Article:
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Published by Scottish Council for Voluntary Organisations

TFN is published by the Scottish Council for Voluntary Organisations, Mansfield Traquair Centre, 15 Mansfield Place, Edinburgh, EH3 6BB. The Scottish Council for Voluntary Organisations (SCVO) is a Scottish Charitable Incorporated Organisation. Registration number SC003558.

Too many glory hunters on charity boards


Charities don't do enough to recruit right calibre of trustees for their boards

Too many "obsessives, colonels’ and gong hunters" sit on the boards of British charities, a new study has revealed.

The same study reveals leadership, finance and chairing are the most sought after skills for charity trustees.

Trustees Unlimited surveyed 2,000 of its members in the run up to Trustees Week and discovered that finding these skills was often a difficult task but organisations weren’t being creative enough when recruiting people with these talents.

It also found that 47% of trustees recognise there are skills gaps on their boards while another 46% say their charity doesn’t appraise the performance of board members.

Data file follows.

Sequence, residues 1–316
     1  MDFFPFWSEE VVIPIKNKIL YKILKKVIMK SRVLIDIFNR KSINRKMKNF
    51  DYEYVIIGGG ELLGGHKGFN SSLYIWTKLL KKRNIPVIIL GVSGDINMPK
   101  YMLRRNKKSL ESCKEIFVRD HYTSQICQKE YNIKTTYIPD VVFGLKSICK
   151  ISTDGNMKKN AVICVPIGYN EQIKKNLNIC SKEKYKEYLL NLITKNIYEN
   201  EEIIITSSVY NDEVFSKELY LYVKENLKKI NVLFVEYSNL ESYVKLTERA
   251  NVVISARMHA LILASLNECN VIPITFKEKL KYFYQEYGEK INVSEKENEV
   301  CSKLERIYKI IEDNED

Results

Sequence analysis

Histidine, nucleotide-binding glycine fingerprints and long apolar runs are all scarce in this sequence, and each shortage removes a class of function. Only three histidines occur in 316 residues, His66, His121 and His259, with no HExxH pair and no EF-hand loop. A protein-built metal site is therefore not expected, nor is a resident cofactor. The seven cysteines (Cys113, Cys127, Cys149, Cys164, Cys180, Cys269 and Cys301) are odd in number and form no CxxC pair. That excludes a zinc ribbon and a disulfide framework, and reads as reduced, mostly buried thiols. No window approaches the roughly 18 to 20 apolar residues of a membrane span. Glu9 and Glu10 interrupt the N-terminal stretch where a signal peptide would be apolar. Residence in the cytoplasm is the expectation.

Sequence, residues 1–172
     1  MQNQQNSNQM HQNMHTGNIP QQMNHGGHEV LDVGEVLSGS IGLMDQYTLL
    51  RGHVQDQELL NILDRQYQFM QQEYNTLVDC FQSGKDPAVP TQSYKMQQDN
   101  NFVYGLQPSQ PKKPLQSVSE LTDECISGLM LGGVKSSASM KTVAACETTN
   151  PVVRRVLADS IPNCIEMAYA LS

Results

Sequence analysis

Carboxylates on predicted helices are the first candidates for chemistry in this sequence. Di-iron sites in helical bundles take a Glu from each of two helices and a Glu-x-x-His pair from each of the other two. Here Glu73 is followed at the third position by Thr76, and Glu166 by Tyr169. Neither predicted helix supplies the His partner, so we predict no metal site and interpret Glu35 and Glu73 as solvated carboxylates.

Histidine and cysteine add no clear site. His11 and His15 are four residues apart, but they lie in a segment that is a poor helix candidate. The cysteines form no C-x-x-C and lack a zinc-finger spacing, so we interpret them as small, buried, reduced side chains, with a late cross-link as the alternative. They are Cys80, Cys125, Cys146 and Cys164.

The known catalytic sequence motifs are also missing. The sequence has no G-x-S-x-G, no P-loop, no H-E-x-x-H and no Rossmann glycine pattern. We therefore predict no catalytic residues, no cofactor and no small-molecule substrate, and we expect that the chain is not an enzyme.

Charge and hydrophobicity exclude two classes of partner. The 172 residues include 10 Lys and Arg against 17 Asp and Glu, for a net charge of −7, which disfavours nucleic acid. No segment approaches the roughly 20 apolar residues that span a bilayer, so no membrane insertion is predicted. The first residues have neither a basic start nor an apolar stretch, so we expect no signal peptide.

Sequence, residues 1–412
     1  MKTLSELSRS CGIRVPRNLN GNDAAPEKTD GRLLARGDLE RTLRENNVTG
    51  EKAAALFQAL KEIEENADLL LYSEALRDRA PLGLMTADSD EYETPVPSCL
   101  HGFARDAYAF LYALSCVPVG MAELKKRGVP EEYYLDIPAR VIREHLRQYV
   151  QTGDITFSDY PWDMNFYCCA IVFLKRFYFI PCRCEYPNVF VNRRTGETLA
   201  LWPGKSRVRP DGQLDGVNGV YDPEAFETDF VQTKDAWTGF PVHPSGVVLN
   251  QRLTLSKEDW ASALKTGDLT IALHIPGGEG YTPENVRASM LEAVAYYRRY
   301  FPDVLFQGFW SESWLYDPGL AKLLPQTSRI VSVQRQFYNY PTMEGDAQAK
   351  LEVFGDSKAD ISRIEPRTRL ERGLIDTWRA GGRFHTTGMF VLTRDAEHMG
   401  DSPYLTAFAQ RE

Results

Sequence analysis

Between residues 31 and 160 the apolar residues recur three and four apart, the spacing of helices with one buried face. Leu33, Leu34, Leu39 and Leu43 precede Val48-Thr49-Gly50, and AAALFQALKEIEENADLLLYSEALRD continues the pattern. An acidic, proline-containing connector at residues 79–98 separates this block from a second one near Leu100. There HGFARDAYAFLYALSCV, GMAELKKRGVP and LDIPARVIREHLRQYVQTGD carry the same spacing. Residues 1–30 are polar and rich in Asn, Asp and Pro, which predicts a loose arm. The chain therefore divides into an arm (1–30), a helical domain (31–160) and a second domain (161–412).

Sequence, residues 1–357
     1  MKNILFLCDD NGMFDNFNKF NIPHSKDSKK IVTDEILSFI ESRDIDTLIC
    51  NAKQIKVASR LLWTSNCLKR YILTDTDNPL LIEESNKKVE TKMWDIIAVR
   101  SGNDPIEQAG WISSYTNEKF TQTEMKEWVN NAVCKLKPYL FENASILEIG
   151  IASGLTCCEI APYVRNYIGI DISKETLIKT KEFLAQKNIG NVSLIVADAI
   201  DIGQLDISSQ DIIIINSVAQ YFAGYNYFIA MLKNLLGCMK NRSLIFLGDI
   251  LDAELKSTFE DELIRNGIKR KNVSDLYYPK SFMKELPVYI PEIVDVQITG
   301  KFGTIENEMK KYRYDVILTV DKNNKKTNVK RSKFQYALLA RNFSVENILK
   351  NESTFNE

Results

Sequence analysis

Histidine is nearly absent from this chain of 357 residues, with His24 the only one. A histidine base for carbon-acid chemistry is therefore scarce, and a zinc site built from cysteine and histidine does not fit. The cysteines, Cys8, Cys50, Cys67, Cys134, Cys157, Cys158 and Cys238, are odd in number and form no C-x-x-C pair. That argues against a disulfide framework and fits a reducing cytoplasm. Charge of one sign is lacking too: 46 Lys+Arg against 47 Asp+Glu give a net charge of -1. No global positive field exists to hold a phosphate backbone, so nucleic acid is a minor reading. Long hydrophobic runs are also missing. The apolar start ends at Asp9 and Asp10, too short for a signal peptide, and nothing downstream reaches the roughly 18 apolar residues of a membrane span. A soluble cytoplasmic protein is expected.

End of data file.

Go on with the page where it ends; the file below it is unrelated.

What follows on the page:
And over a third said their chair isn’t appraised either.

It is the responsibility of the chair to bring out the best in trustees

Despite recognising skills gaps, charities still recruit new trustees by word of mouth and through their own networks (42%).

Only third use recruitment agencies or job boards and only 8% advertise vacancies.

Ian Joseph, chief executive of Trustees Unlimited said the findings were “extraordinary.”

“On the one hand it is commendable that almost 50% of organisations recognise where they have skills gaps, however, it’s extraordinary that almost half of trustees are unaware of the skills they are lacking,” he said.

“It is also worrying to see that the approach to appraising board performance is so variable when governance is more important than ever. A lack of diverse skills on a board is a huge risk.

To be a good trustee takes many skills but also a firm commitment to the role and the charity cause said Joseph.

“It is the responsibility of the chair to bring out the best in trustees – using their skills in the right way, ensuring that meetings are run effectively and that everyone makes a valuable contribution at each meeting,” he added.

“There is no room for obsessives, colonels and gong hunters on charity boards, especially given charities are under ever increasing scrutiny from the public and from their regulators.”



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